Men Beyond Desire: Manhood, Sex, and Violation in American Literature (Hardback)David Greven (author)
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Publisher: Palgrave USA
Number of pages: 294
Weight: 515 g
Dimensions: 216 x 140 x 21 mm
Edition: 2005 ed.
"It delivers several provocative new arguments...Almost every chapter offers new ways of rethinking familiar texts...Many texts and historical figures pop up; Greven has an ambitious reach... Greven s assertions often have imaginative zest...Greven has written a fine first book: sophisticated, smart, ambitious, intellectually courageous. It should provoke antebellum critics and queer theorists as well as Melvilleans to rethink utopian idealizations of male fraternity." - David Leverenz, Leviathan: A Journal of Melville Studies
"A reading that makes us perceive a classic work in a genuinely new way is always rare and impressive, and Greven gives us such interpretations of 'The Legend of Sleepy Hollow' and The Scarlet Letter....Engaging and provocative. In this book there is much to admire, to learn from, and - dare I say it - simply to enjoy, for Greven is a talented close reader, a well-read and diligent scholar, and an amusing quipster." - Axel Nissen, Nineteenth-Century Literature
"Men Beyond Desire presents a refreshing and comprehensive study of the representation of gender and gendered relationships by authors such as Irving, Cooper, Poe, Hawthorne, and Stowe, among others. . . .. Greven persuasively separates the inviolate male . . .from the figure of the bachelor . . .and questions the critical and cinematic tendency to idealize homosocial or fraternal bonds as a way of reinforcing heterosexuality and erasing queer potentiality. " - American Studies Today
"What I am most struck by as a critic of nineteenth-century literature is the masterful re-envisioning of much studied and much-explicated American classics...A groundbreaking work of criticism that will be discussed, debated, and admired for years to come." - Michael T. Gilmore, Brandeis University, author of American Romanticism and the Marketplace"Many brilliant insights . . .Men Beyond Desire is dense with ideas and wide-ranging in its use of sources . . . I am grateful to have a critic like David Greven as a guide to the very serious ideas about gender roles contained in our national literature, and the sometimes frightening implications that these ideas continue to hold for all of us." - Gay and Lesbian Review (September/October 2006 issue)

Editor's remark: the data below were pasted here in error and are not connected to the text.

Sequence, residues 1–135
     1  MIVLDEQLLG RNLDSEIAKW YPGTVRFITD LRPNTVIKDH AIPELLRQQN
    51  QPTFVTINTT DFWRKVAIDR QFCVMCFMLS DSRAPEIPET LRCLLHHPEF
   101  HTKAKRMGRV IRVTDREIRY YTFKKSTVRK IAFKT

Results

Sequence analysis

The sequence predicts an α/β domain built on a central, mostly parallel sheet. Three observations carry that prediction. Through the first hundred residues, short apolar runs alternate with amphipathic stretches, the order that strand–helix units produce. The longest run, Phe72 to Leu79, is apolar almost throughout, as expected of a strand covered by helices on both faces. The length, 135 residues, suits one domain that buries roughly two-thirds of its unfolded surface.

"In this provocative and often penetrating examination of the American self-made man, desperate to maintain his inviolability in the face of compulsory demands for heterosexual marriage and homosocial fraternal camaraderie, David Greven explores the creation of and the resulting consequences for this male icon as embodied in such literary characters as Natty Bumppo and Ichabod Crane, Fanshawe and Billy Budd, Roderick Usher and Miles Coverdale, Arthur Dimmesdale and Uncle Tom . . .Greven probes, suggests, and points out multi-layered ambiguities within the texts . . .a lively and unsettling book that, as all good criticism does, forces us to see what we took to be familiar as, in many cases, radically unfamiliar. . . . You come away from this book convinced that it has plumbed the darker depths of American culture." - The Nathaniel Hawthorne Review"Greven brings a great deal of erudition, spirit, and interpretive subtlety to a task that has inherent difficulties, since he is required to read behind the surface of fiercely maintained defense mechanisms to the male distresses they are meant to conceal. Men Beyond Desire is a gallant successor to G. J. Barker-Benfield s The Horrors of the Half-Known Life [that] casts light on confused questions." - Men and Masculinities"A summary cannot do justice to Greven s tenacious and often brilliant readings. His observations on 'fraternalist bias' within contemporary criticism and theory are particularly provocative, as is his emphasis on the violence perpetrated against non-normative figures. Although the inviolate male s resistance has heroic aspects, his isolation is frequently disturbing; the book is far from a paean to American individualism . . .a valuable and engaging contribution to recent work on gender and antebellum literature." - Journal of American Studies
"There is much to value in Greven's work. Beyond the strong readings, of Irving and Hawthorne in particular, and beyond the keen sense it shows of the collision between Jacksonian ideals of the self-made man and reformist insistences on purity and sentimental propriety, the book offers a bracing take on the dynamics of male intimacies in the nineteenth century, one that recognizes the presence of a variety of sentimental modes but insists too on the rivalry, fear, violence, and enmity that made the world of homosociality no less perilous, for the sexually nonnormative, than the world of reproductive heterosexuality." - Studies in American Fiction
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